The seasons in our lives are like pages in a story. And with each new chapter, we find the faithfulness of God. In the hustle of daily life, it is vital that we stop and reflect on His goodness and what He is doing. The good. The Bible says “whatever is pure, whatever is lovely…think on these things.” Magnify them.
With hearts filled with gratitude, worship leaders Brian & Jenn Johnson decided it was time to look back on God’s steadfastness throughout their lives. Being in ministry since they were teenagers, After All These Years, is their first solo project in more than a decade. This is their first-ever studio album since releasing their live debut, Undone, in 2001 and their follow-up, We Believe, in 2006. Brian and Jenn have continued to shape the direction of the modern worship movement as worship leaders at Bethel Church in Redding, California, and founders of Bethel Music, a collective that includes highly-regarded singers and songwriters like Jeremy Riddle, Amanda Cook, Steffany Gregzinger, Jonathan David and Melissa Helser, Paul and Hannah McClure, Kalley Heiligenthal, Kristene DiMarco, and many others. Through the years, Bethel Music’s releases have been honored with multiple Dove Awards, and Brian & Jenn’s songs, including “One Thing Remains,“ “Forever,” “No Longer Slaves,” “Love Came Down” and “God I Look To You,” have been carried around the globe.
The couple is largely known for writing anthems that give voice to countless worshippers, yet on After All These Years, they chose to forego big production in favor of a timeless, intimate album. “It’s a devotional album where we’re just reflecting on the faithfulness of God,” Brian explains. “There’s a back-to-basics feel about it that’s very peaceful and inspires the devotional life—devotion to Jesus. It’s not as much about taking over the world as it is about gaining a right perspective again and going back to the purity of what it means to follow Jesus.”
With producer Jason Ingram at the helm of their new album, Brian & Jenn decided to use an 80-piece symphony orchestra as the backdrop for their songs, giving the new tracks a peaceful, dreamlike quality. “It’s moving. When you hear an orchestra, it pulls on the strings of your heart, so that was just something we were drawn to, sonically.” Jenn shared, “We have always loved the concepts of timeless and ageless. We’re not looking to be trendy or cool—just something that’s going to last and has the underlying tones of those classic elements.”
Together with Ingram, beautiful orchestration, transparent lyrics, and intentionally under-produced elements, leaving raw moments, they created an album that’s just that,. “I think with this album, it’s not as much about being wowed by something, but about being honest and raw,” Brian offers. “We purposely, on many occasions, decided to keep things the way they were—even a vocal that’s not perfect.”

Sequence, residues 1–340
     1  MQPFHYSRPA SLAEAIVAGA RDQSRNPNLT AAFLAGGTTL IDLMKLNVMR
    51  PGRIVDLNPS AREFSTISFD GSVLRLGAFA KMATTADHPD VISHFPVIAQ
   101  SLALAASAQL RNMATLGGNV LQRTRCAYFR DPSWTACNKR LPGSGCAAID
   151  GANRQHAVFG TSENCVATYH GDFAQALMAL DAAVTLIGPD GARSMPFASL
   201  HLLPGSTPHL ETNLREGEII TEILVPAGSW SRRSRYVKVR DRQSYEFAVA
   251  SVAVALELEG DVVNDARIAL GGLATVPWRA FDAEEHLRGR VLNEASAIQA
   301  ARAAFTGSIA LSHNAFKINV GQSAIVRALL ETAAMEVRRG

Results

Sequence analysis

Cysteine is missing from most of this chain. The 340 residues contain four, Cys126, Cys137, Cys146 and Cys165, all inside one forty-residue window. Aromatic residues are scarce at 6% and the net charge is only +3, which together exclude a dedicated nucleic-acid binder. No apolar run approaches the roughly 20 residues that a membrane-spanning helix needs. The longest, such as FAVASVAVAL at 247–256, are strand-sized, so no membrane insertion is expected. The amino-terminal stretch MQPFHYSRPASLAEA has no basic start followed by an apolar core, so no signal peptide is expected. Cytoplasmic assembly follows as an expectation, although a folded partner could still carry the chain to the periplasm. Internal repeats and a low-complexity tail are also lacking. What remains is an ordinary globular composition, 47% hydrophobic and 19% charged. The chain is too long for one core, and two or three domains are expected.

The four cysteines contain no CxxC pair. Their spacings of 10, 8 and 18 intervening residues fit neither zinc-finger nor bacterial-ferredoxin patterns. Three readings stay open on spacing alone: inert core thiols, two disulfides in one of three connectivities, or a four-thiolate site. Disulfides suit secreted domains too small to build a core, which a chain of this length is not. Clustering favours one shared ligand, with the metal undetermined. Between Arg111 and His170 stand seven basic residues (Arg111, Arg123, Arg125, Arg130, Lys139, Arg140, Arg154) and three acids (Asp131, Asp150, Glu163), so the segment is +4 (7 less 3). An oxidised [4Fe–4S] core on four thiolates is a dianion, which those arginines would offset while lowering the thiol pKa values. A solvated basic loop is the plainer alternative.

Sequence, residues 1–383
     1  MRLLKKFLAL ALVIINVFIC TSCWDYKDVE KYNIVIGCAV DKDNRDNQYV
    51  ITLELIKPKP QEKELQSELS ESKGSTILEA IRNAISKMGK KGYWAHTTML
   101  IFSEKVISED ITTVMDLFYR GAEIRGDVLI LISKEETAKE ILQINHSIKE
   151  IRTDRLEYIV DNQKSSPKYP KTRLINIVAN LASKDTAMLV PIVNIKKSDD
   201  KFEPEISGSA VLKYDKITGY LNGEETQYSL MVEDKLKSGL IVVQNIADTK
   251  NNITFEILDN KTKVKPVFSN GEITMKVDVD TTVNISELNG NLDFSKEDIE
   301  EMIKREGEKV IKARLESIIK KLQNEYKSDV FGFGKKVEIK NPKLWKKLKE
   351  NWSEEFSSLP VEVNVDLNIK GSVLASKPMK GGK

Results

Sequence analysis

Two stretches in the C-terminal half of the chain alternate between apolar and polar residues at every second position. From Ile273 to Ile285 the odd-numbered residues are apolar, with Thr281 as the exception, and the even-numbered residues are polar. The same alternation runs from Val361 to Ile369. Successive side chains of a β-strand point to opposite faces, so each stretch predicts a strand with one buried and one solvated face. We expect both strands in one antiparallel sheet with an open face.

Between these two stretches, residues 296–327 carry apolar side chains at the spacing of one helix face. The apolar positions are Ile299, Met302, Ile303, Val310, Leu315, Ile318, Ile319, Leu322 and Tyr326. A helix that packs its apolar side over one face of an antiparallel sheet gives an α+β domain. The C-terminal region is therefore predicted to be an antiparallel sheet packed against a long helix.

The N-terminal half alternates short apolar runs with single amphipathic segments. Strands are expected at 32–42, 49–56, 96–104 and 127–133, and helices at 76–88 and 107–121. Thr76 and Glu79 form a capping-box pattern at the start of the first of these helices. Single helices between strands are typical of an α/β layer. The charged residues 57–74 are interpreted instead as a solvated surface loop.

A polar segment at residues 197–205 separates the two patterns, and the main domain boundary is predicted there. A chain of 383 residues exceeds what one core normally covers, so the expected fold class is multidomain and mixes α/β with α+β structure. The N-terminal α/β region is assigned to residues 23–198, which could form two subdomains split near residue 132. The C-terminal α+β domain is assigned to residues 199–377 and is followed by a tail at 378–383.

Each song serves as a direct reflection on a specific season experienced by the couple, encompassing 20+ years of ministry, marriage and life with their three children. “The songs all came out of situations or themes that have been a part of our life. We wrote the songs in the past couple years, but a lot of them are themes that have been in our spirits and in our lives for a very long time,” Jenn shares. “It was really exciting to make an album that centers around an expression of our history with God versus just what we could sing corporately, which we also love.”
In the midst of the creative process for the album, the couple endured a particularly challenging season as Brian suffered a nervous breakdown. “Life caught up with me,” he admits. “I really had to work through a bunch of stuff—some forgiveness issues, and some difficult conversations I needed to have. Jenn really helped me with that, but I had to let go of a lot of things. I started getting up every morning early and reading the Bible and listening to worship music all day, because I quit everything and rebooted my whole sense of who I am. My devotional life took off, and I started really seeking God. Through all that, step by step, I got better.” Brian was out of commission for over six months. Work on After All These Years came to a halt as he focused on his physical and emotional health. During that time, a demo Ingram had recorded of a song called “Greater Than All Other Names” became an anchor of personal solace for Brian and later a cornerstone track for the new album.